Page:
novel The Ingenious Hidalgo Don Quixote De La Mancha, translated from spanish by john rutherford.)
"Please may I have permission, gentlemen, to tell you a little tale about something that happened in Seville, and that fits the bill so perfectly I've got the urge to tell it?"
Don Quixote gave him their permission, and the priest and the others gave him their attention, and he began like this:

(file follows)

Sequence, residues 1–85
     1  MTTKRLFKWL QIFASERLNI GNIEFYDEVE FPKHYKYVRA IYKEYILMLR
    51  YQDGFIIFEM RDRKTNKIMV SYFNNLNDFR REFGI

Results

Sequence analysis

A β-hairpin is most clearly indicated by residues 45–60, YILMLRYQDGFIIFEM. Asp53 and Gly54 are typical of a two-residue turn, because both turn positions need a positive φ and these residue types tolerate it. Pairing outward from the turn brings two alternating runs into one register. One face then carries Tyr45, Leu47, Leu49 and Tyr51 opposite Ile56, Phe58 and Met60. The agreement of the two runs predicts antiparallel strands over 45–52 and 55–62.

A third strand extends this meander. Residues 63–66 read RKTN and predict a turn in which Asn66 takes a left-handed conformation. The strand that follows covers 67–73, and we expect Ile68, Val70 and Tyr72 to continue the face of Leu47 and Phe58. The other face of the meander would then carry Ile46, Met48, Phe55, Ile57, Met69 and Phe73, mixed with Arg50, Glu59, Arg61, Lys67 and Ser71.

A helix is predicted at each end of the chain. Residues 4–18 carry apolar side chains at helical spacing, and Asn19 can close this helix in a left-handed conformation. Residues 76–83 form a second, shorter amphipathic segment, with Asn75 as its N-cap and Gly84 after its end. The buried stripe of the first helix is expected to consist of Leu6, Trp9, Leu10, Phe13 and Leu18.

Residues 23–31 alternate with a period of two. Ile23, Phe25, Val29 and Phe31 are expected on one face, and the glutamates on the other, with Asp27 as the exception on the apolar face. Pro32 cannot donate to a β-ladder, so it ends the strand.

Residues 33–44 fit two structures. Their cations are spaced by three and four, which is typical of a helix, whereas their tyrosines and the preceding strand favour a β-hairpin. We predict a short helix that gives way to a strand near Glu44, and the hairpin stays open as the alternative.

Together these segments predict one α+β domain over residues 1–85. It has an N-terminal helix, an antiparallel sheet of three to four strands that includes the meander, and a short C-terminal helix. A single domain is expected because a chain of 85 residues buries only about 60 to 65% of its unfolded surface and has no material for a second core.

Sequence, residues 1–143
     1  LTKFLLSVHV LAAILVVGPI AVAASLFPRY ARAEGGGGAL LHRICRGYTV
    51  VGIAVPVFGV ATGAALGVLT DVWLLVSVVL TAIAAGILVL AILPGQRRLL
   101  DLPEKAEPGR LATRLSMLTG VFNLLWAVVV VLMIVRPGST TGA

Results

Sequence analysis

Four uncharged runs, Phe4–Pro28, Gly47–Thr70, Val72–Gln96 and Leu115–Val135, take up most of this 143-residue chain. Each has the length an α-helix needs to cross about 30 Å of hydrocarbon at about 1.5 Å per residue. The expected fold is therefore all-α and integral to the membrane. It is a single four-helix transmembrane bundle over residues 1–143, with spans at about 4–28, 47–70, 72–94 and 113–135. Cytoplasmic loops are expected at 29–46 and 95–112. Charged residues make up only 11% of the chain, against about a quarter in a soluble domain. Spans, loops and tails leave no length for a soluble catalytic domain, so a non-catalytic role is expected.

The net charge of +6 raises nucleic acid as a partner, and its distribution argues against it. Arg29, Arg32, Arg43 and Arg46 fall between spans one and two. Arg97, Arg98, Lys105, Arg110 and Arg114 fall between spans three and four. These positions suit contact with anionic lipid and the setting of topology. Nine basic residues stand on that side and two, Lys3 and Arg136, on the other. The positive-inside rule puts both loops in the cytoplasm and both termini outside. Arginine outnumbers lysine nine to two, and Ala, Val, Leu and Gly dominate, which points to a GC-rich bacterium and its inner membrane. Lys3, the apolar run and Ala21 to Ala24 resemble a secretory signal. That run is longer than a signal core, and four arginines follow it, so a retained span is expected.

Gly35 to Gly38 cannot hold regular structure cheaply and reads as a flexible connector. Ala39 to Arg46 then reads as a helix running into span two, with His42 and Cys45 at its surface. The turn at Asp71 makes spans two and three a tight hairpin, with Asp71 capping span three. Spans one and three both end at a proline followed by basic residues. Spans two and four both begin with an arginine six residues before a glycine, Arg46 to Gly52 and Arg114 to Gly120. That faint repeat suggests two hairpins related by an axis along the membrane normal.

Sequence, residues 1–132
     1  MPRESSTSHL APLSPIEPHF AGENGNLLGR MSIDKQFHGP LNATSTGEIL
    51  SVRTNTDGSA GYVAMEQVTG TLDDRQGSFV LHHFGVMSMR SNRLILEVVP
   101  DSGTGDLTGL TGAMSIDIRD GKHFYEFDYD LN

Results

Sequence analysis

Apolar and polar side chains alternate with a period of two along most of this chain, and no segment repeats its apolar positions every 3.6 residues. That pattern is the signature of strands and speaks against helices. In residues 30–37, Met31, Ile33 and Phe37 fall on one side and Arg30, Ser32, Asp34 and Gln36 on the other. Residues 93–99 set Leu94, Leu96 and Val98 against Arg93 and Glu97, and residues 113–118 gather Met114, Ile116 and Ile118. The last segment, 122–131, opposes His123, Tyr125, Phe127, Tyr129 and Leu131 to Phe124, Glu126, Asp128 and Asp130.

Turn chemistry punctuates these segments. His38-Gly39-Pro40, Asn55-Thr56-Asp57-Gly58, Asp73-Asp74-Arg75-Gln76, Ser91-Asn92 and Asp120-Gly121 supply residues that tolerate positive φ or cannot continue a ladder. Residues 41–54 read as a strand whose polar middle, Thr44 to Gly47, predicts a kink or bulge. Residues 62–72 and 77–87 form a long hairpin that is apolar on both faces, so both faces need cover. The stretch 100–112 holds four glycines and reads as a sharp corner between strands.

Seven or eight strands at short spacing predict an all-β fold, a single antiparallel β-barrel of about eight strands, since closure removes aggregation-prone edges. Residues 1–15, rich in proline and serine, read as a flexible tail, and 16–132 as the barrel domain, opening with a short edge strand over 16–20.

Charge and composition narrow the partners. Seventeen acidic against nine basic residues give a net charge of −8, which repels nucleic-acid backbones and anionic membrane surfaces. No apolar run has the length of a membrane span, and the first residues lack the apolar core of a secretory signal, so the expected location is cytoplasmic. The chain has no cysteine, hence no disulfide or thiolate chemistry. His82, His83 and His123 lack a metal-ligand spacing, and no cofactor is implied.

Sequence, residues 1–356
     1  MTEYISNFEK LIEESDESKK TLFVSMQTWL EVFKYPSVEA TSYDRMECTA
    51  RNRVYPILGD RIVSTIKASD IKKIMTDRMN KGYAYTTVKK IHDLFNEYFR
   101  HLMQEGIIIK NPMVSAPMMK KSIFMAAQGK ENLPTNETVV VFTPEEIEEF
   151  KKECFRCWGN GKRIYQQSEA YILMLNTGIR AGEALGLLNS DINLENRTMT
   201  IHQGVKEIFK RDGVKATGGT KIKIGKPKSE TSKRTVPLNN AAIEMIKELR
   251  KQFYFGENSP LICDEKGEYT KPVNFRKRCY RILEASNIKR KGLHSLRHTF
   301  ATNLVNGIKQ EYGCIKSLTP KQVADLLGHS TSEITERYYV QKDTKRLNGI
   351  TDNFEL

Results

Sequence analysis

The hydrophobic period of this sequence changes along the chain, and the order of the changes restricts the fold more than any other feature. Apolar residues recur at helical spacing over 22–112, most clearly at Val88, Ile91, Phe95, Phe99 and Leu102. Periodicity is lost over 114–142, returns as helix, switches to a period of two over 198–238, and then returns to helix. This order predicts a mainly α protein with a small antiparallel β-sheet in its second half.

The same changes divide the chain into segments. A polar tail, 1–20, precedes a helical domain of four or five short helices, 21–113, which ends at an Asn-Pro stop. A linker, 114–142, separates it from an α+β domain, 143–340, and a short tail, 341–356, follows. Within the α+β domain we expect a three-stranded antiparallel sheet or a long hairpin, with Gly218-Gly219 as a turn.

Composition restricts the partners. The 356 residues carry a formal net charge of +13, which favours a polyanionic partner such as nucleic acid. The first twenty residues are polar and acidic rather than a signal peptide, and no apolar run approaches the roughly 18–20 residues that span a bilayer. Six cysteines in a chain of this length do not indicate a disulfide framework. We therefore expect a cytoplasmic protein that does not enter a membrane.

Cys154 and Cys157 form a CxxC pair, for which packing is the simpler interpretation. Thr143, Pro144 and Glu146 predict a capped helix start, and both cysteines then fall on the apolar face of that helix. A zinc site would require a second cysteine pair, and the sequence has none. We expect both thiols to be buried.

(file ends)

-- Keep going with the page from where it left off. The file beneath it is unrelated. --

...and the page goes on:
"In the Seville madhouse there was a man whose relations had sent him there because he was out of his mind. He was a graduate in canon law from Osuna University, but in many people's opinion, even if he'd studied at Salamanca itself he'd still have been a madman. After a few years of confinement, this graduate persuaded himself that he'd recovered and was sane, and in this belief he wrote to the archbishop begging him in measured and well-chosen words to have him released from the wretched situation in which he was living, because God in his infinite mercy had restored his lost wits, although his relations were keeping him there so as to continue using the income form his property and, regardless of the truth, were determined that he'd stay mad until his dying day. The archbishop, impressed by so many well-reasoned, intelligent letters, told one of his chaplains to find out from the madhouse governor whether what the graduate claimed was true, to talk to the madman and, if he seemed to be sane, to have him released. The chaplain did as he was told and the governor informed him that the man was still mad: although he often spoke like a person with an excellent understanding, he always ended up by breaking out into absurdities that counterbalanced the sensible things he'd said at the beginning, in both quantity and quality, as anyone could find out for himself by talking to him. The chaplain decided to do this, he was put in with the madman and they spoke for upwards of an hour, during which time the madman didn't utter a single crazy or foolish word; on the contrary, everything he said was so rational that the chaplain was forced to conclude that the madman was sane. The madman said, among other things, that the governor remained hostile so as not to forfeit the presents that his relations were provided for saying he was still mad, with lucid intervals; and that his greatest bane in his misfortunes was his wealth, because his enemies, to continue enjoying it, had recourse to criminal fraud and threw doubts upon the blessing that our Lord had bestowed upon him in turning him back from a beast into a man. In short, his words made the governor look suspicious, his relations covetous and heartless, and himself so full of good sense that the chaplain decided to take him away so that the archbishop could examine him and discover the truth for himself.